14. ^ Biemel, K. M., Alexander Fried, D., & Lederer, M. O. (2002). "Identification and quantification of major maillard cross-links in human serum albumin and lens protein: Evidence for glucosepane as the dominant compound". Journal of Biological Chemistry 277 (28): 24907–24915. doi:10.1074/jbc.M202681200. PMID 11978796. 
  15. ^ Reihl, O., Rothenbacher, T. M., Lederer, M. O., & Schwack, W. (2004). "Carbohydrate carbonyl mobility - the key process in the formation of α-dicarbonyl intermediates". Carbohydrate Research 339 (9): 1609–1618. doi:10.1016/j.carres.2004.03.024. PMID 15183735. 
  16. ^ Reihl, O., Rothenbacher, T. M., Lederer, M. O., & Schwack, W. (2004). "Carbohydrate carbonyl mobility - the key process in the formation of α-dicarbonyl intermediates". Carbohydrate Research 339 (9): 1609–1618. doi:10.1016/j.carres.2004.03.024. PMID 15183735. 
  17. ^ Reihl, O., Rothenbacher, T. M., Lederer, M. O., & Schwack, W. (2004). "Carbohydrate carbonyl mobility - the key process in the formation of α-dicarbonyl intermediates". Carbohydrate Research 339 (9): 1609–1618. doi:10.1016/j.carres.2004.03.024. PMID 15183735. 
  18. ^ Biemel, K. M., Alexander Fried, D., & Lederer, M. O. (2002). "Identification and quantification of major maillard cross-links in human serum albumin and lens protein: Evidence for glucosepane as the dominant compound". Journal of Biological Chemistry 277 (28): 24907–24915. doi:10.1074/jbc.M202681200. PMID 11978796. 
  19. ^ Biemel, K. M., Alexander Fried, D., & Lederer, M. O. (2002). "Identification and quantification of major maillard cross-links in human serum albumin and lens protein: Evidence for glucosepane as the dominant compound". Journal of Biological Chemistry 277 (28): 24907–24915. doi:10.1074/jbc.M202681200. PMID 11978796. 
  20. ^ Sell, D. R., Biemel, K. M., Reihl, O., Lederer, M. O., Strauch, C. M., & Monnier, V. M. (2005). "Glucosepane is a major protein cross-link of the senescent human extracellular matrix: Relationship with diabetes". Journal of Biological Chemistry 280 (13): 12310–12315. doi:10.1074/jbc.M500733200. PMID 15677467. 
  21. ^ Sell, D. R., Biemel, K. M., Reihl, O., Lederer, M. O., Strauch, C. M., & Monnier, V. M. (2005). "Glucosepane is a major protein cross-link of the senescent human extracellular matrix: Relationship with diabetes". Journal of Biological Chemistry 280 (13): 12310–12315. doi:10.1074/jbc.M500733200. PMID 15677467. 
  22. ^ Vasan, S., Foiles, P., & Founds, H (2003). "Therapeutic potential of breakers of advanced glycation end product–protein crosslinks". Archives of Biochemistry and Biophysics (Elsevier Inc.) 419 (1): 89–96. doi:10.1016/j.abb.2003.08.016. PMID 14568012. 
  23. ^ Sell, D. R., Biemel, K. M., Reihl, O., Lederer, M. O., Strauch, C. M., & Monnier, V. M. (2005). "Glucosepane is a major protein cross-link of the senescent human extracellular matrix: Relationship with diabetes". Journal of Biological Chemistry 280 (13): 12310–12315. doi:10.1074/jbc.M500733200. PMID 15677467.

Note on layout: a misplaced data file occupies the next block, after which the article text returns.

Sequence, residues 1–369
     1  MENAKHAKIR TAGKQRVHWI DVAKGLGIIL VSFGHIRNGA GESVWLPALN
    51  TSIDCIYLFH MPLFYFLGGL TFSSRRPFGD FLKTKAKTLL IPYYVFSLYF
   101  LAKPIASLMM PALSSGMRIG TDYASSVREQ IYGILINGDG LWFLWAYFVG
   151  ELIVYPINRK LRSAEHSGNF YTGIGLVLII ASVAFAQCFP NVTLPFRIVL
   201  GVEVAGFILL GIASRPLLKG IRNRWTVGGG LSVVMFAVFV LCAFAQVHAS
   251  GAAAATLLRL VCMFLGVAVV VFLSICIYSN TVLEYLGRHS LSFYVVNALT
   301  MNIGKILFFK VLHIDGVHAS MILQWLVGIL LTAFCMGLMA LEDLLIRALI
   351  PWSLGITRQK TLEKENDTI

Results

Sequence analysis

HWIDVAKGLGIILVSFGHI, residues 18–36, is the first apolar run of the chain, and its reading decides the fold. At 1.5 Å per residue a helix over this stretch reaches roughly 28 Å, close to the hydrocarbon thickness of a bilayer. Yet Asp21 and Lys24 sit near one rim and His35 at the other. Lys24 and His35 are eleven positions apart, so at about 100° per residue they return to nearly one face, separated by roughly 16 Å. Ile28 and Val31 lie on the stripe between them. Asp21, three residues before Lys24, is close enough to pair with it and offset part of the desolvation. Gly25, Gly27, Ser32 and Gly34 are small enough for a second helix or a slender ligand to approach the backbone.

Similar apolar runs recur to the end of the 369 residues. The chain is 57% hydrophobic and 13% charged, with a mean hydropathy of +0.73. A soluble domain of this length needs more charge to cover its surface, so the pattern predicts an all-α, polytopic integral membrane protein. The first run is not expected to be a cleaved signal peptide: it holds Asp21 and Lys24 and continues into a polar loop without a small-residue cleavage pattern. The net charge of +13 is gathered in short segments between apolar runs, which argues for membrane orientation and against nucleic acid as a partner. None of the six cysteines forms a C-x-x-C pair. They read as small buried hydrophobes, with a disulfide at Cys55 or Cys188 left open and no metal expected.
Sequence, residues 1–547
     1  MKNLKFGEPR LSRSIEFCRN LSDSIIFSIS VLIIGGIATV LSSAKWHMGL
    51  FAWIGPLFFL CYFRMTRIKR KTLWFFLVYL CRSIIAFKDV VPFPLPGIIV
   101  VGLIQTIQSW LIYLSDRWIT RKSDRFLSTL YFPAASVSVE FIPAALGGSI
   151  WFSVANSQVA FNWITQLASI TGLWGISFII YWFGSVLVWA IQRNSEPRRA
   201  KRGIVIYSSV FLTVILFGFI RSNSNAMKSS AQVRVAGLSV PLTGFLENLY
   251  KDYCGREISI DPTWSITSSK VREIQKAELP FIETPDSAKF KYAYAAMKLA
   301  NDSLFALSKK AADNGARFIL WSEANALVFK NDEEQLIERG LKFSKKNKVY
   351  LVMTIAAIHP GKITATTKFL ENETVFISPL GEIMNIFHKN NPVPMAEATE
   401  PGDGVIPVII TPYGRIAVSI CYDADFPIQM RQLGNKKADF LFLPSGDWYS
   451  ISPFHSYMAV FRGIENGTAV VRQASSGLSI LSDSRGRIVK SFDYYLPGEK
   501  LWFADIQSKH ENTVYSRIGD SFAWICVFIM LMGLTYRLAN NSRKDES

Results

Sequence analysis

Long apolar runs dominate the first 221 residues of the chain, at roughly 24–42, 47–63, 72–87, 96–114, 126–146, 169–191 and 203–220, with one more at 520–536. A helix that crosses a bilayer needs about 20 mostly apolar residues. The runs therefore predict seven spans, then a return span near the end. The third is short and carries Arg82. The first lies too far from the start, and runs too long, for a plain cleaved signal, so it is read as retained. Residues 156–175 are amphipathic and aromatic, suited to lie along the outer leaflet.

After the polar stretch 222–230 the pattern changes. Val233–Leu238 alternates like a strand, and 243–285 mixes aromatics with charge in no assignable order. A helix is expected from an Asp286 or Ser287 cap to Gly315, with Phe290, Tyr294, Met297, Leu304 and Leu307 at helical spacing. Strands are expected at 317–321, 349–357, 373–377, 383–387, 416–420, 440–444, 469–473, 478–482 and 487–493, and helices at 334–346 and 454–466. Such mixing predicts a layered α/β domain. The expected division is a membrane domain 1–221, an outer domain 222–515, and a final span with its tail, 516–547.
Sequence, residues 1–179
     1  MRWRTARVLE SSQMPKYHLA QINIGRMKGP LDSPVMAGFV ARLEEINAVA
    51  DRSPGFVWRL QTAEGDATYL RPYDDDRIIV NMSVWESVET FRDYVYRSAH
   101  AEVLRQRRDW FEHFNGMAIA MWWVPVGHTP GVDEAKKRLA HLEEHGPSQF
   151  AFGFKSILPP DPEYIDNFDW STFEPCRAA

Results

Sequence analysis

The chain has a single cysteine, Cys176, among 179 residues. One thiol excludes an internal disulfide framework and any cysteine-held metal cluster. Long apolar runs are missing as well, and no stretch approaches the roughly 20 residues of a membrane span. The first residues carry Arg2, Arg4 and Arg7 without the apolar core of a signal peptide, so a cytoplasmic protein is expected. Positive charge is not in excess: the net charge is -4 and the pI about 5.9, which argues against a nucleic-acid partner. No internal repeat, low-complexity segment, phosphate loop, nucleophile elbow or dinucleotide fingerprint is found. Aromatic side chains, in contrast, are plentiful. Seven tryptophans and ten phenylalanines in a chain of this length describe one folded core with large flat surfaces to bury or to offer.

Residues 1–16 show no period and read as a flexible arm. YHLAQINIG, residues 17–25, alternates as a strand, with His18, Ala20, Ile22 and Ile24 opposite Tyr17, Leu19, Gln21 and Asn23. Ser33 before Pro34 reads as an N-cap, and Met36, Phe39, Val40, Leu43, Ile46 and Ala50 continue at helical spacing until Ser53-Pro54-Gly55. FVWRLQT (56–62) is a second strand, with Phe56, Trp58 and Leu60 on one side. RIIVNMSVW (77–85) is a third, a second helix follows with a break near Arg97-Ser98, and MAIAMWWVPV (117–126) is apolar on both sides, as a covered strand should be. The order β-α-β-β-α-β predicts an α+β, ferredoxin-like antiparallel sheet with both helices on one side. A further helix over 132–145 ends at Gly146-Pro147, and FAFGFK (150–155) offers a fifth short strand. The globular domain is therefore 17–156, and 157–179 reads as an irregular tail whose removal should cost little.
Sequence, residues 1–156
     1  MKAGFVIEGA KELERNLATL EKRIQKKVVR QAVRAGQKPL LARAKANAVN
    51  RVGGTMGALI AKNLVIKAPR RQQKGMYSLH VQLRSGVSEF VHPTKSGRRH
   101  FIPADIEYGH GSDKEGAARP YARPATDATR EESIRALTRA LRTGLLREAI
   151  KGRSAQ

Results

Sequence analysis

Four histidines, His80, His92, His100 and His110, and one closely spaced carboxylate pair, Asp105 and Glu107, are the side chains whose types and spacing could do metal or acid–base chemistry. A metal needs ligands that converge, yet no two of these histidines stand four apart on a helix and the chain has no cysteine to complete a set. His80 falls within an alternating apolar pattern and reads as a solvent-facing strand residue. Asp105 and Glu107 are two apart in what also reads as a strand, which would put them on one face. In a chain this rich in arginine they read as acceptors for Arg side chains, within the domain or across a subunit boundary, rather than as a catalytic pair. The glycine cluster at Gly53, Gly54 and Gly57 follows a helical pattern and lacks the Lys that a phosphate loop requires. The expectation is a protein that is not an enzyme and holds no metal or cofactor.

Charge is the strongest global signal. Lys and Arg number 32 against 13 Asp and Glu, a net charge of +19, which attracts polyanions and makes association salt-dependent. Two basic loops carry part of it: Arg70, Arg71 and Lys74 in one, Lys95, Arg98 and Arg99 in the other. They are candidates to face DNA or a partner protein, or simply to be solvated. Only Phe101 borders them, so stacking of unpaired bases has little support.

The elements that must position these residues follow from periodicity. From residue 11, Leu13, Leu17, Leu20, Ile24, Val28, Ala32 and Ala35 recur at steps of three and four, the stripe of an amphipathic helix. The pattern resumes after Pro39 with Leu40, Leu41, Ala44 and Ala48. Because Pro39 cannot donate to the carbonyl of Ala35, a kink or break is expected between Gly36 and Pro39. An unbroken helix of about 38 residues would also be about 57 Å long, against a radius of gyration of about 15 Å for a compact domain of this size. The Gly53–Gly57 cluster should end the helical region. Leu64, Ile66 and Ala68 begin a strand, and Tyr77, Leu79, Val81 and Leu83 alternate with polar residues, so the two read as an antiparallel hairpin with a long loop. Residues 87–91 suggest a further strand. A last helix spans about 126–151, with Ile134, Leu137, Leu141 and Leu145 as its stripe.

24. ^ Biemel, K. M., Alexander Fried, D., & Lederer, M. O. (2002). "Identification and quantification of major maillard cross-links in human serum albumin and lens protein: Evidence for glucosepane as the dominant compound". Journal of Biological Chemistry 277 (28): 24907–24915. doi:10.1074/jbc.M202681200. PMID 11978796. 
  25. ^ Biemel, K. M., Conrad, J., & Lederer, M. O. (2002). "Unexpected carbonyl mobility in aminoketoses: The key to major maillard crosslinks". Angewandte Chemie - International Edition 41 (5): 801–804. doi:10.1002/1521-3773(20020301)41:5<801::AID-ANIE801>3.0.CO;2-I. PMID 12491341. 
  26. ^ Monnier, V. M., Mustata, G. T., Biemel, K. L., Reihl, O., Lederer, M. O., Zhenyu, D., et al. (2005). "Cross-linking of the extracellular matrix by the maillard reaction in aging and diabetes: An update on "a puzzle nearing resolution"". Annals of the New York Academy of Sciences 1043: 533–544. doi:10.1196/annals.1333.061. PMID 16037276. 
  27. ^ Vasan, S., Zhang, X., Zhang, X., Kapurniotu, A., Bernhagen, J., Teichberg, S., et al. (1996). "An agent cleaving glucose-derived protein crosslinks in vitro and in vivo". Nature (nature publishing group) 382 (6588): 275–278. doi:10.1038/382275a0. PMID 8717046. 
  28. ^ Monnier, V. M., Mustata, G. T., Biemel, K. L., Reihl, O., Lederer, M. O., Zhenyu, D., et al. (2005). "Cross-linking of the extracellular matrix by the maillard reaction in aging and diabetes: An update on "a puzzle nearing resolution"". Annals of the New York Academy of Sciences 1043: 533–544. doi:10.1196/annals.1333.061. PMID 16037276. 
  29. ^ Vasan, S., Zhang, X., Zhang, X., Kapurniotu, A., Bernhagen, J., Teichberg, S., et al. (1996). "An agent cleaving glucose-derived protein crosslinks in vitro and in vivo". Nature (nature publishing group) 382 (6588): 275–278. doi:10.1038/382275a0. PMID 8717046. 
  30. ^ Vasan, S., Foiles, P., & Founds, H (2003). "Therapeutic potential of breakers of advanced glycation end product–protein crosslinks". Archives of Biochemistry and Biophysics (Elsevier Inc.) 419 (1): 89–96. doi:10.1016/j.abb.2003.08.016. PMID 14568012. 
  31. ^ Furber, J.D. (2006). "Extracellular glycation crosslinks: Prospects for removal". Rejuvenation Research (Elsevier Inc.) 9 (2): 274–278. doi:10.1089/rej.2006.9.274. PMID 16706655.